I'd suggest either using an old shaft or a bent one as your initial try, due to a small error my first attempt the taper on the arrow was too thin at the rear end, totally my fault but proves the adage "measure twice, taper once", you can of course always take more off but never put a little back on.
So with the jig set up I was off for my first try. Rather than cut my arrows down first I measured what would be the mid point of the arrow after I had cut them down, but for the mean time kept them at the full 32" they were originally. This has two advantages, firstly you can place the arrow directly in to a drill chuck without worrying about damaging it and secondly if you do end up taking too much off you can cut a small section off the rear end. With an arrow in the drill I placed the other end in to the arrow tapering tool, it only went in an inch or so. Pressing the button on the drill and keeping it at a low speed (this is where a decent drill helps) I started to apply pressure to the back of the arrow and slowly feed it in to the jig, pushing in and then drawing out, going deeper and deeper each time. The first few attempts were a little feeble, but as time went on I got a little more confident and started to apply a little more pressure. After a small while, not long maybe 50 seconds to a minute the arrow was touching the retaining pin telling me the job was done. Having never tapered a shaft before I was surprised how easy the whole thing was and when measuring with the digital caliper was surprised how close to the required diameter it was.
A quick blow down the channel and a tap on the group removed the resulting, well I suppose it's tapering dust rather than saw dust, and I was ready to go again. Each arrow was completed quicker than the previous one as I got a feel for how much pressure to apply. In no time at all I had tapered all 12 of my shafts and I must say the finish was excellent. A quick rub with some paper to make sure they were nice and smooth and the job was done.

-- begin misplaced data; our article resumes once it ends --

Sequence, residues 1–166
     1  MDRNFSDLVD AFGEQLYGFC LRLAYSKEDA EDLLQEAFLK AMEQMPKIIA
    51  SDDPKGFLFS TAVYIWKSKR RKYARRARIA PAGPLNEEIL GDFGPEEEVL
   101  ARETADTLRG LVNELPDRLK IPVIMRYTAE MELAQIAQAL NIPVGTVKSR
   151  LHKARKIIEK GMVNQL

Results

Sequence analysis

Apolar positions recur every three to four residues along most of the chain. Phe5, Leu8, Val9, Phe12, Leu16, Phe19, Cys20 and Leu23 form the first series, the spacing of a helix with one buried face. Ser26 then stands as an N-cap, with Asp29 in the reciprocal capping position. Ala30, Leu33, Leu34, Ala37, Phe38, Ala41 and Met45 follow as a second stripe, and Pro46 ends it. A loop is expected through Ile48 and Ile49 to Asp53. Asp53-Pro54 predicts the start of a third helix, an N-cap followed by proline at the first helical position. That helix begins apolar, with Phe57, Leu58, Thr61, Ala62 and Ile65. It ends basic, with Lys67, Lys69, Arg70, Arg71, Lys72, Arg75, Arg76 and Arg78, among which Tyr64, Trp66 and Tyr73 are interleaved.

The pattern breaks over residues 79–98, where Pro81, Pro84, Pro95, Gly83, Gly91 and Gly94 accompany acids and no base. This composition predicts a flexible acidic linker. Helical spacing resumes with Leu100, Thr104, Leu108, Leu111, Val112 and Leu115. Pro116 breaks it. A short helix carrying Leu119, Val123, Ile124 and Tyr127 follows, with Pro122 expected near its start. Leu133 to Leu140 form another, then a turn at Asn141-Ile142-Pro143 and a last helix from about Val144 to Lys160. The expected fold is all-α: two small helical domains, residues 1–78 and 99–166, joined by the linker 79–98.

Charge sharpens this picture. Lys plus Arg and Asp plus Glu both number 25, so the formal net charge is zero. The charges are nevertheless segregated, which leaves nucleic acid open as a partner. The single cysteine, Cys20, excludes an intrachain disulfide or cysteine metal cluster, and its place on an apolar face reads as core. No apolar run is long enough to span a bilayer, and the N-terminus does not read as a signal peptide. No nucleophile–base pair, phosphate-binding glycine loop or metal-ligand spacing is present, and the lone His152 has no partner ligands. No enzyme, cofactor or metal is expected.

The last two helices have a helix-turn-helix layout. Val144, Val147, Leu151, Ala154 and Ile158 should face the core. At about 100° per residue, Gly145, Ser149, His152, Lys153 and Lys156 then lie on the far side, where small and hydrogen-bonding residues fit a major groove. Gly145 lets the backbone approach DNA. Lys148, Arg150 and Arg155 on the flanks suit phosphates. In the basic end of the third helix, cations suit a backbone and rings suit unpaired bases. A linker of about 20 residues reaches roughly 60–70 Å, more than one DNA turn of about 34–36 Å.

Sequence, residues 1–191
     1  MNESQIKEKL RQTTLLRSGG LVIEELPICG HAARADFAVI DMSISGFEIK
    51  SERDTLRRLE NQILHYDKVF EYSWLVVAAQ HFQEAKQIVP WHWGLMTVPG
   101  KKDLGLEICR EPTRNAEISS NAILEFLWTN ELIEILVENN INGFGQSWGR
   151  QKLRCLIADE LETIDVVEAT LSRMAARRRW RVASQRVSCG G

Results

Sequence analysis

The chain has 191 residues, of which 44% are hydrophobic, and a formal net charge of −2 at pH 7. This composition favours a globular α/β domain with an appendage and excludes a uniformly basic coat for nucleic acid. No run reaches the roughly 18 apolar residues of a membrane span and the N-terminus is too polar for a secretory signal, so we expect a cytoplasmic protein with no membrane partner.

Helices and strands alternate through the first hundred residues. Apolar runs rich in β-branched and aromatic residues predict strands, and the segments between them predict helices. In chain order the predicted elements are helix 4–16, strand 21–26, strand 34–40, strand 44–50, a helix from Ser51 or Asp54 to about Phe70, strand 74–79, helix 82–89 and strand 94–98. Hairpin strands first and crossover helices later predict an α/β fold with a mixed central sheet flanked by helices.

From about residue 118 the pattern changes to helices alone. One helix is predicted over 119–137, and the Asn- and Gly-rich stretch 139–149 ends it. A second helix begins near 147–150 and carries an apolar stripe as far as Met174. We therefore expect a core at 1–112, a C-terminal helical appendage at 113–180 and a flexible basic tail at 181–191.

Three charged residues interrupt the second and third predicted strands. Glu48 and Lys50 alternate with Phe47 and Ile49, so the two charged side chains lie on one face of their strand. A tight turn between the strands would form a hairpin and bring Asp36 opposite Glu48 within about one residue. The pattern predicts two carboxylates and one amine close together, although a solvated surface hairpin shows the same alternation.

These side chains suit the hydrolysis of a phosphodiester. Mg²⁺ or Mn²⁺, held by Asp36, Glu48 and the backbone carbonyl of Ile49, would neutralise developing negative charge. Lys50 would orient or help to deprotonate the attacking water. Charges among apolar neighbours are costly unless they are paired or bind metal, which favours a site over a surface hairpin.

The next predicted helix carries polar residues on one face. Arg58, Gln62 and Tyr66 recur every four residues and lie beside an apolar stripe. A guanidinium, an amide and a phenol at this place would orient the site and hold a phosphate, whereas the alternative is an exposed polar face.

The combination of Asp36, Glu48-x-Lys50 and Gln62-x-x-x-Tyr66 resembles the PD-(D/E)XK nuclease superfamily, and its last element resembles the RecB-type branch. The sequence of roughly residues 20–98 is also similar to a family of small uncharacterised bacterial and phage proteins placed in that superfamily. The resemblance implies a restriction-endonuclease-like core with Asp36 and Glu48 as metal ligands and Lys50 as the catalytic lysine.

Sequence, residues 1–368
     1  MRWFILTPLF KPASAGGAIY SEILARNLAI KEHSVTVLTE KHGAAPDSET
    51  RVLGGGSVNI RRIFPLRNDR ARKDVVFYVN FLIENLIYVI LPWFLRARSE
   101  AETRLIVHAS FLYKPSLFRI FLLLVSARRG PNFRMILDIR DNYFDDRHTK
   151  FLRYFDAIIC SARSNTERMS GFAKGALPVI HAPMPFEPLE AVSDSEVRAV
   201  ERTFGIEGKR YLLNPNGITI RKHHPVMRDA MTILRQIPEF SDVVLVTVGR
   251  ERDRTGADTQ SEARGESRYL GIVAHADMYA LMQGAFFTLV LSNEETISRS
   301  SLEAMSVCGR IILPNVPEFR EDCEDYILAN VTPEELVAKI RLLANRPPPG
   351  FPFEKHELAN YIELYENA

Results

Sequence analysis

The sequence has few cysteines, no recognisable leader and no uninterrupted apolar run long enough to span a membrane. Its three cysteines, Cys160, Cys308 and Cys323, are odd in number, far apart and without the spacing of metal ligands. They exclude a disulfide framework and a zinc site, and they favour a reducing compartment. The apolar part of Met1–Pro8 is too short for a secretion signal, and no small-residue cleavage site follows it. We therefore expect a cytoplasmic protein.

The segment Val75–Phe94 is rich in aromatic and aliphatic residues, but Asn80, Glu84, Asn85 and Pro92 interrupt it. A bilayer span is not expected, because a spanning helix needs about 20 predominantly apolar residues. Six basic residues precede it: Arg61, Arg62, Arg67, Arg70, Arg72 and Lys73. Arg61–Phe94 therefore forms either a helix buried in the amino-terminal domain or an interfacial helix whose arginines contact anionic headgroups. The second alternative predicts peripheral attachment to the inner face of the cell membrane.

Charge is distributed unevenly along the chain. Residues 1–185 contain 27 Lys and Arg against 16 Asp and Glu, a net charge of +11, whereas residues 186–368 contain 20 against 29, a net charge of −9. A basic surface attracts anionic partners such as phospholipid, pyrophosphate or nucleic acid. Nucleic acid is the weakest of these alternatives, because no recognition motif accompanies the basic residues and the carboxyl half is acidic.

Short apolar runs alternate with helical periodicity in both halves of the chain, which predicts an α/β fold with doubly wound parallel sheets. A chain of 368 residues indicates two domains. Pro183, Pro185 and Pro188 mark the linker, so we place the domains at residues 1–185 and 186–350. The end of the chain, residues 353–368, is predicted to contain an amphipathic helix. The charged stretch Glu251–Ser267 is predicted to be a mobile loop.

I must say as an arrow tapering novice I was impressed with how easy everything was, Lee has done a great job in making a solid jig that does the job with a minimum of fuss. While this is the only tapering jig I have used I have seen a few and the addition of a solid looking arrow guide up front gives you confidence the arrow isn't going to be getting bent out of shape on those initial few strokes. All in all an excellent bit of kit.... oh and as an added bonus the arrows fly magnificently. Rather ironic really, Lee has been the man to beat in my class for the last few years, with these tapered arrows it might mean the competition catches up, although I'm sure Lee has something else up his sleeve.
Features & Design
The solid construction gives you confidence things won't go all wobbly. The more beefy guide up front is a plus compared to other similar tapering jigs.
Excellent, the arrows were tapered really quickly and in many ways I wish I had more shafts to feed in to the jig.
Value for Money
With a set of tapered shafts costing a significantly more than normal shafts, this will save you a packet.
An excellent and sturdy jig which does a great job of gobbling the arrows up and spitting out perfectly tapered shafts.